University of Leicester
2022MoystadMPHD.pdf (2.99 MB)

Lived experiences in museums: Engaging visitors’ hearts and minds

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posted on 2022-05-23, 12:29 authored by Mari Ø. Møystad

In this PhD thesis, I analyse the different ways in which museums incorporate experiences and knowledge we call lived experiences, in museums dealing with difficult subject matters.

I define lived experiences as non-formal knowledge based on people’s own empirical experiences, ways of life or local knowledge. The incorporation of lived experiences in museums is often a result of collaboration between museums and their communities, but their use can also give communities a direct voice in museum displays and programmes that do not depend on formal collaborations of this kind. The use of video- and audio-stories, where victims of war, conflict, and other difficult subjects present their stories and experiences, are examples of lived experiences used in museums.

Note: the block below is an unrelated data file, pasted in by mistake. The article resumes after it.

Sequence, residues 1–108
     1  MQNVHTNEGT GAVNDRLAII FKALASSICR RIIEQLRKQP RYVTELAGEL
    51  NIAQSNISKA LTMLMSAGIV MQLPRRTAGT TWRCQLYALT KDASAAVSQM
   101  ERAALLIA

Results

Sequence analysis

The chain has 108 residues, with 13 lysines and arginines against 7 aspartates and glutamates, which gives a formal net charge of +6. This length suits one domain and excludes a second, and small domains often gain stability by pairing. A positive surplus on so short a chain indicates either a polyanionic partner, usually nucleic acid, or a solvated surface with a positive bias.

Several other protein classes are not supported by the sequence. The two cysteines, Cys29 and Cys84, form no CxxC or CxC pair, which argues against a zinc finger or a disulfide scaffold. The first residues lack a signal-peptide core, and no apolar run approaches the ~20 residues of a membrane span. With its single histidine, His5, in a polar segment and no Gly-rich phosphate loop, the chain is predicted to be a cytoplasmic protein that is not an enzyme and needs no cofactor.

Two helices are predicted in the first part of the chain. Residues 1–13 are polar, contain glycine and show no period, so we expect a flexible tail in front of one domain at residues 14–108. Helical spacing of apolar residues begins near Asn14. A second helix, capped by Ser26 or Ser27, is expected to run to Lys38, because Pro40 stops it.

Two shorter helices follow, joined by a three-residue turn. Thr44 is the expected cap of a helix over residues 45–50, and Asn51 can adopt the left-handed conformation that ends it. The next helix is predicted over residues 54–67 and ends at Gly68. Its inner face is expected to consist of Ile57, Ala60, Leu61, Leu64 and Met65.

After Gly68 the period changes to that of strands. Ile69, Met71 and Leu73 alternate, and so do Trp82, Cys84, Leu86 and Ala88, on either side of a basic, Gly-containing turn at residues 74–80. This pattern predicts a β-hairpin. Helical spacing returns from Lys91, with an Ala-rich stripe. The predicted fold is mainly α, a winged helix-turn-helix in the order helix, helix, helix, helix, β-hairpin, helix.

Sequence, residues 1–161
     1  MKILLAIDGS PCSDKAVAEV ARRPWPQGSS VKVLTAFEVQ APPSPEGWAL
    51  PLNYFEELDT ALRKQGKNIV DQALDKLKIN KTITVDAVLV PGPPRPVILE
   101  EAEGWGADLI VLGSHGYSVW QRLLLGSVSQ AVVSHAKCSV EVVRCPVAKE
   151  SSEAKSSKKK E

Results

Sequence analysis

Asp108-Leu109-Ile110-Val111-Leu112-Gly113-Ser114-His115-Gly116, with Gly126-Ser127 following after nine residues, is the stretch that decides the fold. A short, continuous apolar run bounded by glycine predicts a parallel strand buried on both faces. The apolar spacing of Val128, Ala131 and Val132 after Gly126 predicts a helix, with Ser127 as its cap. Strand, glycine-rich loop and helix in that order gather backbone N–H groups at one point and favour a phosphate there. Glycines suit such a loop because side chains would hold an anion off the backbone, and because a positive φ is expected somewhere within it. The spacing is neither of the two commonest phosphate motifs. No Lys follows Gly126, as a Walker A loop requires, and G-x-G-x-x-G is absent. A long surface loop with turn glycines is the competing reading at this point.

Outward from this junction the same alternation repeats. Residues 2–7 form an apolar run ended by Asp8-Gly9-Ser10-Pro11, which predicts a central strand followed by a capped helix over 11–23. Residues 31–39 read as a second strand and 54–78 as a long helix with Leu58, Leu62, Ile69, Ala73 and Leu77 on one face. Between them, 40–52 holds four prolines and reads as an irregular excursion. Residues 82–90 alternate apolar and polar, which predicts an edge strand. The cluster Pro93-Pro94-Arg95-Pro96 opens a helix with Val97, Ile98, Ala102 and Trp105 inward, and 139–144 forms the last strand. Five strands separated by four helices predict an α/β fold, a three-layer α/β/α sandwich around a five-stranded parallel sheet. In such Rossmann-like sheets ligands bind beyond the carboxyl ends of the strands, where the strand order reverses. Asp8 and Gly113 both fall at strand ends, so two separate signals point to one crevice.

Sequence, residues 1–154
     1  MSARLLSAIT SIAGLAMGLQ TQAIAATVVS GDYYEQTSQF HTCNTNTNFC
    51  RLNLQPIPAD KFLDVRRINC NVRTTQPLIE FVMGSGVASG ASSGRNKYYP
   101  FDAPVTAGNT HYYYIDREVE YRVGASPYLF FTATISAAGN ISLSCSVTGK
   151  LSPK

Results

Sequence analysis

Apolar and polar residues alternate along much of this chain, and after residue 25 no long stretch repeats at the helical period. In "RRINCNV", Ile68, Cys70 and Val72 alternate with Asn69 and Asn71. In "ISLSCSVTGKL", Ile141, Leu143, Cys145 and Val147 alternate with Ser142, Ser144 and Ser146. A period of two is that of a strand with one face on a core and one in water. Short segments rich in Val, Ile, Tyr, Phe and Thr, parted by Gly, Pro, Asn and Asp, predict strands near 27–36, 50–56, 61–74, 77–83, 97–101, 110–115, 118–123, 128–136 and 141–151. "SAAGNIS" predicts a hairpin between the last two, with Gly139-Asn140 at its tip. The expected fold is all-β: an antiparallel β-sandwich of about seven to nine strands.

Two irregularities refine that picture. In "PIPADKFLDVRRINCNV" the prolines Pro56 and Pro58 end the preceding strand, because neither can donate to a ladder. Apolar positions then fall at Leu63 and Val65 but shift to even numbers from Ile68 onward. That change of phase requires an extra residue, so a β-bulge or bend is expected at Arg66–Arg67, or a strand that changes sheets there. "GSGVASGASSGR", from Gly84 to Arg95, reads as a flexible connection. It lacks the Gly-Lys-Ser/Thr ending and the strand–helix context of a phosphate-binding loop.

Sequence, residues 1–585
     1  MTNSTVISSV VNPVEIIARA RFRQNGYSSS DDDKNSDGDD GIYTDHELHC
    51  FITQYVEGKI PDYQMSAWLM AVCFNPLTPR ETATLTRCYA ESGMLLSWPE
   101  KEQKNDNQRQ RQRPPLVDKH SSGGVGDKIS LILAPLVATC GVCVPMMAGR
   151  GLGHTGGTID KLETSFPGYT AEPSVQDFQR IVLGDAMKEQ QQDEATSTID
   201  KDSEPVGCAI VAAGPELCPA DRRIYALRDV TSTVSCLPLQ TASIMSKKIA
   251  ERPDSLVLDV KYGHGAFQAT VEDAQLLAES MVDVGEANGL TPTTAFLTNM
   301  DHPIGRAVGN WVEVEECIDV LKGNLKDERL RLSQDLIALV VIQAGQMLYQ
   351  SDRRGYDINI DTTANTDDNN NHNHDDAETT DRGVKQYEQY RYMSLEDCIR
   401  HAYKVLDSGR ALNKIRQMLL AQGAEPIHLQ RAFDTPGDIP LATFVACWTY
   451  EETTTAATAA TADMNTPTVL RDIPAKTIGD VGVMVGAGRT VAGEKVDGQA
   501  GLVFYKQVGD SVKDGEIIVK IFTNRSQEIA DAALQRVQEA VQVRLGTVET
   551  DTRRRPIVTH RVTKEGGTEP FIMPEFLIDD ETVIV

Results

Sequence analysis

Although I am generally interested in how lived experiences are used in museums, the focus of my thesis is primarily on the impact these have on museum visitors.

In my research, I study two cases which show how lived experiences are used in curatorial work and in educational programmes in institutions that can be defined as memory museums, aiming at counter prejudices in visitors and in wider society.

The selected museum cases are The Centre of 22nd of July in Norway, and Museo Casa de la Memoria in Colombia. I give examples of how these museums use lived experiences in different ways, and how this is perceived and interpreted, primarily by museum visitors, but also by victims of war and violence.

The findings of this research suggest that the incorporation of lived experiences in museum work adds an important dimension to the programmes and exhibitions we, as museums, present to our visitors. The use of lived experiences tends to evoke affect and emotions - something that makes visitors identify with individuals and, hopefully, also prompts them ultimately to act against injustices, violence, and prejudices.



Richard Sandell; Sheila Watson

Date of award


Author affiliation

School of Museum Studies

Awarding institution

University of Leicester

Qualification level

  • Doctoral

Qualification name

  • PhD



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